Neem Trees - Old Wisdom for New Global Solutions
The Neem tree is relatively faster growing than other indigenous trees in the subcontinent, such as Pipal or Bargad (Banyan) which are unfortunately rarely grown now in our country.
Like Ayurveda practiced in India from times immemorial, the 'Hikmat' medicinal system has also been in practice in the subcontinent. It is more popular in Pakistan. 'Hikmat' or the 'Unani' (Arabic for 'Greek') is a formal medicine that has been practiced for 6,000 years. It was developed by the Greek physician Hippocrates (40 – 370 B.C.) from the medicine and traditions of the ancient Egypt and Mesopotamia. This system makes tremendous use of Neem as a pesticide, in medicines, oils, soaps, ointments and toothpastes. We also throw in a few Neem leaves here and there in our bookshelves and put them inside old books to prevent silverfish and other bugs from eating paper.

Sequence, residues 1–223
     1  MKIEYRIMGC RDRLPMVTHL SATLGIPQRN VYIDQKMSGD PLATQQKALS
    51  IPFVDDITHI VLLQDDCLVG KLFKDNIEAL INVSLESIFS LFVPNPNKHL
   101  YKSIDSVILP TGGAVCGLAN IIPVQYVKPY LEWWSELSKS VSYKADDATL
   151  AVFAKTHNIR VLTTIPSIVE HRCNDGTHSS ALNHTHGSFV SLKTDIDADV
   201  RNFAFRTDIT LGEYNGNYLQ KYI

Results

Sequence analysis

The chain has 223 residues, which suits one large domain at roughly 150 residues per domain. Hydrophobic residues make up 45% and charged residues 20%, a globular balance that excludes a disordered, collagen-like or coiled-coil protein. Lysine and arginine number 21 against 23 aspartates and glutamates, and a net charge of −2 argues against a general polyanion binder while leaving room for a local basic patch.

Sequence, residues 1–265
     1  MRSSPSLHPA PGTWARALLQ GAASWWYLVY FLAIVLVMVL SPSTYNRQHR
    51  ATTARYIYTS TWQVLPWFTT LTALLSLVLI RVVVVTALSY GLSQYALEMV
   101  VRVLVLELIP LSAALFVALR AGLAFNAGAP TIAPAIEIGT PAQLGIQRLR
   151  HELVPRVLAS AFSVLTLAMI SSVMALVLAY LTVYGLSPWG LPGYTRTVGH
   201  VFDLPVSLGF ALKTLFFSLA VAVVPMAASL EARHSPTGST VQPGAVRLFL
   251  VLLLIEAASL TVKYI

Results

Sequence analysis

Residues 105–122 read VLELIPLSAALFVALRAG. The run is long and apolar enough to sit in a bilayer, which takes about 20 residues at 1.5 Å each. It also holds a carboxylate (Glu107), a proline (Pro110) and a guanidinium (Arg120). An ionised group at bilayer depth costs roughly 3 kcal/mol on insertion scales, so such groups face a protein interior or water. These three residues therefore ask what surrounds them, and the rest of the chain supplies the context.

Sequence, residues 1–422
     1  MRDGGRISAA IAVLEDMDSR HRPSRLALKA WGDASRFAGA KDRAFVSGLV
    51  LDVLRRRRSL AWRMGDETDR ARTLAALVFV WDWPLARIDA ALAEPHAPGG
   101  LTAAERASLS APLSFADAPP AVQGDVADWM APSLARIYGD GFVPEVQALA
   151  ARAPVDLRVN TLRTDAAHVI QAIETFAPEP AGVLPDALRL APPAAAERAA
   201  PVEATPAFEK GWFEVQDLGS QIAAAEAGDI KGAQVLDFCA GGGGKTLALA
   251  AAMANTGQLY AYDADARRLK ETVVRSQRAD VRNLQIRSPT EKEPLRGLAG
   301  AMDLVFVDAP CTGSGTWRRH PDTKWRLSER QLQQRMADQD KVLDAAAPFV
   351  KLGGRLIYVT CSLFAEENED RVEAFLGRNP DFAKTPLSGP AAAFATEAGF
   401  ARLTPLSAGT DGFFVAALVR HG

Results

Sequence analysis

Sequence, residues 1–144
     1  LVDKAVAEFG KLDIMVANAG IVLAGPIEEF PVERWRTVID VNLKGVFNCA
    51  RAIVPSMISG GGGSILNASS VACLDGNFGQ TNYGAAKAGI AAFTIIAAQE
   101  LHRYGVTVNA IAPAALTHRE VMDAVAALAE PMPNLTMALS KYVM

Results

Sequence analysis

As a child, my mother made me wear the fine, thin Neem twigs in my earlobe holes as she always said this would prevent the holes from closing and act as antiseptic too. She of course didn't want to risk her daughter wearing gold or silver earrings to school as it wasn't permitted. In Pakistan it is also a common sight to see Neem trees planted in most villages. The rural people peel off the bark of the twig and then chew it so that it becomes like a soft brush , which they then use to rub around their gums and teeth.
Read other Neem facts on: http://www.flickr.com/groups/neem/discuss/72157605717931875/